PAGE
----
July 6th: Knowing How to Fall

I awkwardly danced with him at a friend’s wedding.

I can’t dance at all.

He could; he grew up in the country and danced all the time. People who grew up in the country were born knowing how to dance, he told me. People who grew up in the mountains were born knowing how to fall, I told him. He laughed at what he thought was a joke, and I wasn’t being funny. He didn’t know then that the song we danced to was one of my favourites; I didn’t tell him, not because I didn’t want him to know, but because I wasn’t sure if it was true; were we dancing to a song that was my favourite, or was it my favourite song because we were dancing to it? His hand rested real gentle on the small of my back and I was reminded of a rhyme my older sister taught me when we were little girls: criss cross, apple sauce, spider crawling up your back, light squeeze, cool breeze, now you have the shiveries.

Everyone in the wedding ducked out for cigarettes or fresh air, or both, in the rain; shining lights and the black April sky made mirrors of the large wet welts on the pavement. He and I ducked out, so hot was it in the conference room of the Inn where our friends had wedded. Neither of us smoked, so he brushed large droplets off a bench under the front entrance canopy and we sat.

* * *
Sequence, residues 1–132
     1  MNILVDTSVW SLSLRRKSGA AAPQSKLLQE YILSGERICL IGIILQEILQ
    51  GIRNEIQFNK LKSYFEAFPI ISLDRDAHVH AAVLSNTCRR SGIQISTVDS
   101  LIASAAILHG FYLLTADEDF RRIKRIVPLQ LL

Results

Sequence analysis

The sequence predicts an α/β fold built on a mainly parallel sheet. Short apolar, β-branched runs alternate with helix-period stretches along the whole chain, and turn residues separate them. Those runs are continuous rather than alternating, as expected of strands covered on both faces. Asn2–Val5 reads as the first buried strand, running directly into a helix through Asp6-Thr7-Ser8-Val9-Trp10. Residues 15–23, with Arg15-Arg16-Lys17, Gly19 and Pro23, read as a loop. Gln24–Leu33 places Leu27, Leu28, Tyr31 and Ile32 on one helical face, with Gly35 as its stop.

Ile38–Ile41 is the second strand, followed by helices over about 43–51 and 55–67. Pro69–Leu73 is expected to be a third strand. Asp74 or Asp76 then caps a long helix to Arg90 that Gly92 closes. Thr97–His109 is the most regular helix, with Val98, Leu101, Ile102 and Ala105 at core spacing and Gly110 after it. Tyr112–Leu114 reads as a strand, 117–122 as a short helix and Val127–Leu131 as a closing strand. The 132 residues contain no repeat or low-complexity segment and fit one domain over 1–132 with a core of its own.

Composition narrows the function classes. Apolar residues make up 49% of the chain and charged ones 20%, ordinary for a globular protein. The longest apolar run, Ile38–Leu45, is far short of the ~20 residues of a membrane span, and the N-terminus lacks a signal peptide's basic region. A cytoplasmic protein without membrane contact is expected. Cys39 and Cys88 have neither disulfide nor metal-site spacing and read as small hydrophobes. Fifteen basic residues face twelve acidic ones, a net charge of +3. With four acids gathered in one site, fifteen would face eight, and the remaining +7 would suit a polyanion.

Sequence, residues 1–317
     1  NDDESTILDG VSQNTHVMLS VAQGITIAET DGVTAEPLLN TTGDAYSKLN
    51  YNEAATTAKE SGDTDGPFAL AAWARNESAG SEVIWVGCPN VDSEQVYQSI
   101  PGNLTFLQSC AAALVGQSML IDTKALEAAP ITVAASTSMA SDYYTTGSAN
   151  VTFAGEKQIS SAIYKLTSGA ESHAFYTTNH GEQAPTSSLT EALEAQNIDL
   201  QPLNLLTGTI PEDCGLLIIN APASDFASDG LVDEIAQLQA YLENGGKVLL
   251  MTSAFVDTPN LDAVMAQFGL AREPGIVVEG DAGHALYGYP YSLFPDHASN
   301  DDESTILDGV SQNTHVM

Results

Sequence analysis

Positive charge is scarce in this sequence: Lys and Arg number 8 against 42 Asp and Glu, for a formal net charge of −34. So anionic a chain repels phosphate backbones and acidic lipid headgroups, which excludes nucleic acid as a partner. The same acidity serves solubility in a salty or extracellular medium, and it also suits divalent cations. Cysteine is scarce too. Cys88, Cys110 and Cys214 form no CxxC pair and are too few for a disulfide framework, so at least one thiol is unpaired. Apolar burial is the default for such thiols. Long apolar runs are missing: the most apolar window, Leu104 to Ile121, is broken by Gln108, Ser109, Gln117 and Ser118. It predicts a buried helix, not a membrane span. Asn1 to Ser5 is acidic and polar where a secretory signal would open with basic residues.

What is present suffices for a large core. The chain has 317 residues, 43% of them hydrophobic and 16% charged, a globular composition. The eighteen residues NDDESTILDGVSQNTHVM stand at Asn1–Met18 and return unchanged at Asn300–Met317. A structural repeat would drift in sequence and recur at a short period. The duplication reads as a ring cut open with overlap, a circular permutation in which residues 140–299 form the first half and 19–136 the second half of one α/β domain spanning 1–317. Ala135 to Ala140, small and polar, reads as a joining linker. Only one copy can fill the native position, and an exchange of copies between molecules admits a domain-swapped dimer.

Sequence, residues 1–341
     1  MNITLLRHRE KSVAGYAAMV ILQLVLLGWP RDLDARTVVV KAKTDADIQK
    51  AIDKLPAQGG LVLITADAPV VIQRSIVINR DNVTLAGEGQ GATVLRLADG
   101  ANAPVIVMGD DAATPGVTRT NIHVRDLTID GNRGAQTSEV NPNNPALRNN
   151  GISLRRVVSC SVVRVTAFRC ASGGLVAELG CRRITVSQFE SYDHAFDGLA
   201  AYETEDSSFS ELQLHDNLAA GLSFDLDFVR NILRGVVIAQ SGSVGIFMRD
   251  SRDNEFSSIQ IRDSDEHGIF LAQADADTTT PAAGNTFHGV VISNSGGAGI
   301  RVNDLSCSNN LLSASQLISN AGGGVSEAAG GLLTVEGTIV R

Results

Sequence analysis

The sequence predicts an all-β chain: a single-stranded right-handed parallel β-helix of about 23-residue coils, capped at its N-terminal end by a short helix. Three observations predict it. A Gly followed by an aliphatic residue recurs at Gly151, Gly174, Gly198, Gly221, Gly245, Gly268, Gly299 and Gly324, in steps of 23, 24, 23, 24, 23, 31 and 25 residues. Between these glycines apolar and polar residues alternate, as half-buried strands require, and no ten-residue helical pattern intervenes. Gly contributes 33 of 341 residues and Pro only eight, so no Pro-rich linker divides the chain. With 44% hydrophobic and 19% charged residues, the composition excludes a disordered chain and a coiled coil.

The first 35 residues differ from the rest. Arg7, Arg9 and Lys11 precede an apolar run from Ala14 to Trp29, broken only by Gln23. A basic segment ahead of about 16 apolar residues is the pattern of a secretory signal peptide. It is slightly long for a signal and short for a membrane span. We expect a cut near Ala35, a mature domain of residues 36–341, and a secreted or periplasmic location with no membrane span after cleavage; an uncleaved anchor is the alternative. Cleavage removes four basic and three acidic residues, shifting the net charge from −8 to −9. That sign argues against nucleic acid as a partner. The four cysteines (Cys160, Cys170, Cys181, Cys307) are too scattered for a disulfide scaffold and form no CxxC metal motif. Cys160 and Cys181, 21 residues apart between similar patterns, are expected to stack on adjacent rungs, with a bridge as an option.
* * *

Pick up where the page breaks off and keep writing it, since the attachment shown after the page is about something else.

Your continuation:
-I’ve never met anyone who grew up in the Rockies, he said.

-There aren’t many of us around.

-Why’s that? He asked.

I shrugged and then we kissed; it was short and brief and his tongue was feather-light against my waiting lips. He lingered in front of me for a moment and I could smell after-dinner espresso on his gorgeous mouth. We stood up wordlessly and made our way back inside. My hair was dotted with rain drops, but the curls were still intact, bouncing along as I stepped beside him in my silvery high heels.

At the end of the night, I caught a taxi home with him, and neither of us said but a single word to each other. The back seat upholstery held a vintage leather-and-chemical-cleanser scent and I focused on its masculinity, its cliché, as I peered out the window at the world, black and glistening like hematite.

Thankfully, he was dropped off first. He threw too much money at the driver and smiled at me, so warmly I almost burst. We looked at each other, too confused and too heated to say anything other than “goodnight”.

I never saw him again after the wedding.


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